Enchantress from the Stars
has the tone and depth of a young adult novel, but the treatment was so unusual it held my interest. It tells portions of the same story from the viewpoints, and in the voices, of three different races: As told by the natives of the unnamed planet setting, it's a fairy tale in which the several sons of a poor woodcutter each go out to defeat the "dragon" that lives on the far side of the Enchanted Wood; in the voice of a colonizing force of space-faring people, it's a simple space opera, pitting their mechanistic worldview against an untamed wilderness (including the ground-clearing equipment the natives believe is the dragon) and the aboriginal inhabitants of the land (who aren't viewed as human, and so will be confined to a reservation where they can be "managed" - remind anyone of Avatar
?); and finally, from the viewpoint of a highly-advanced race of space travelers whose primary cause is preventing anyone from interfering with the normal development of "younger" races - and simultaneously avoiding such interference themselves - necessitating an elaborate performance to convince several natives that these visitors are actually powerful magicians who will help them defeat the dragon and win the king's rewards.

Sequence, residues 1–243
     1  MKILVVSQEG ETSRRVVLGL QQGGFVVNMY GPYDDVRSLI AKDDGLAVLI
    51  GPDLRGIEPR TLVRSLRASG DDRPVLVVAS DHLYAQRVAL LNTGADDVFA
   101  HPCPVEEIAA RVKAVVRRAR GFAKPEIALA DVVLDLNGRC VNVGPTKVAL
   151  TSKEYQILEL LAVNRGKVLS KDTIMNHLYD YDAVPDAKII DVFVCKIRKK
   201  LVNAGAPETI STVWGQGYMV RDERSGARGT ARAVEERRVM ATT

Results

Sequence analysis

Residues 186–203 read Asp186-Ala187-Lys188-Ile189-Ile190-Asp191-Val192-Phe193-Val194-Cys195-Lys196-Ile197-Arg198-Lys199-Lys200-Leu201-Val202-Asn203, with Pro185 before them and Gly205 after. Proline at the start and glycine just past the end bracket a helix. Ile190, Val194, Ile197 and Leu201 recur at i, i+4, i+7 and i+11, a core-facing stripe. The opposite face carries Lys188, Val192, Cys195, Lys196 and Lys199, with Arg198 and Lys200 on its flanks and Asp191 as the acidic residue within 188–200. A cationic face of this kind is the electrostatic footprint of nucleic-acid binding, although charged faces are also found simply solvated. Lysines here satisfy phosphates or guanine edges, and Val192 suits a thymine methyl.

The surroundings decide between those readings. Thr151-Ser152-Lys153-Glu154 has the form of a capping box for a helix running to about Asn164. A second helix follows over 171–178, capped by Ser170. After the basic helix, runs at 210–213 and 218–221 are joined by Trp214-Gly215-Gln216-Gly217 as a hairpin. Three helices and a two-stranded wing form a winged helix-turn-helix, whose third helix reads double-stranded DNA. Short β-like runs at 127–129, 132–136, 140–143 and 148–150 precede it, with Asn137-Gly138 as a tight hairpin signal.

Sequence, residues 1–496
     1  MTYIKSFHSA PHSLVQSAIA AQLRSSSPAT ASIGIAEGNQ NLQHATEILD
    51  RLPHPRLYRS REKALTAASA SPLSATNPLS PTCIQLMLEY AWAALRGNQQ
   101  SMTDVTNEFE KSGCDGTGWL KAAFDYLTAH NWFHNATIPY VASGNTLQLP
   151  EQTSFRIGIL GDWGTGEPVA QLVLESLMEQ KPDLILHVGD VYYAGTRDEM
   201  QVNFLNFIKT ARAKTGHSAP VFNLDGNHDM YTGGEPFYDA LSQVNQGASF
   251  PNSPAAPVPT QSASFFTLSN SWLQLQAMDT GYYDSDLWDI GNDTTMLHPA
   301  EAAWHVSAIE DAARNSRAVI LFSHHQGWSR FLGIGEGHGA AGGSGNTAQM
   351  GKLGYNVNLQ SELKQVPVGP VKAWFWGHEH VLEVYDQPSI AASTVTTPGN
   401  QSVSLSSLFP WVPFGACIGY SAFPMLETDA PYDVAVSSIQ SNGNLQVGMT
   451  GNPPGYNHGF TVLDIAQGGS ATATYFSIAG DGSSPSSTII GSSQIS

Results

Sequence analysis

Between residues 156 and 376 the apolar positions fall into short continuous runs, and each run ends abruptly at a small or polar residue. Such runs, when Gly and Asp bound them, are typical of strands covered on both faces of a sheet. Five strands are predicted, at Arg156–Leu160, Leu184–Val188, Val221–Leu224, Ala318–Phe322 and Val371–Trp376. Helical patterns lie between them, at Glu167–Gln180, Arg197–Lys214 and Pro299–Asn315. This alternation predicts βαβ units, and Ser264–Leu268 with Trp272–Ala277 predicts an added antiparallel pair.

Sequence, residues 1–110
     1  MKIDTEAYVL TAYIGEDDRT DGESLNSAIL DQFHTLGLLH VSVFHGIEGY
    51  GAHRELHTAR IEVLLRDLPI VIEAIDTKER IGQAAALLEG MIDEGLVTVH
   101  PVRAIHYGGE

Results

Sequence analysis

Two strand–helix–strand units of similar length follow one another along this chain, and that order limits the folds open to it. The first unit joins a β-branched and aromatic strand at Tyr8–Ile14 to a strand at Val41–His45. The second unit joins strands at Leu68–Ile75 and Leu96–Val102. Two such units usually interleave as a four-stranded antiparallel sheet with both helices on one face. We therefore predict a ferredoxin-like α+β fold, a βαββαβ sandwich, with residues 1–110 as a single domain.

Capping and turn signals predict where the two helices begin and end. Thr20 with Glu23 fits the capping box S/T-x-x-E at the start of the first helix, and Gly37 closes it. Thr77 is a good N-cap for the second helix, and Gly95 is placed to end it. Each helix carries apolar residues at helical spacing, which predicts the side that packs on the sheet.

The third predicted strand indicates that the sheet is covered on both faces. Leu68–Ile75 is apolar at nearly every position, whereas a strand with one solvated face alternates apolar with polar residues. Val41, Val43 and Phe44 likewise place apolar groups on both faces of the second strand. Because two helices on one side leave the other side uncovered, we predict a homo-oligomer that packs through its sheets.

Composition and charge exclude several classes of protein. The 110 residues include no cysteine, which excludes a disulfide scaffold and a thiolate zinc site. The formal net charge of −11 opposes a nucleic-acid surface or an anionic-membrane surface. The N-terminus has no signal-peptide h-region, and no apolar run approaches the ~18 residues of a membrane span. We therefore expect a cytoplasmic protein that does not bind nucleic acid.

Written in 1970, it was reissued in 2001 to accolades from many authors who remember the book fondly from its first publication. It's not, as one writer put it, "the best book ever", but it's a different way of handling a story, and a fun read overall.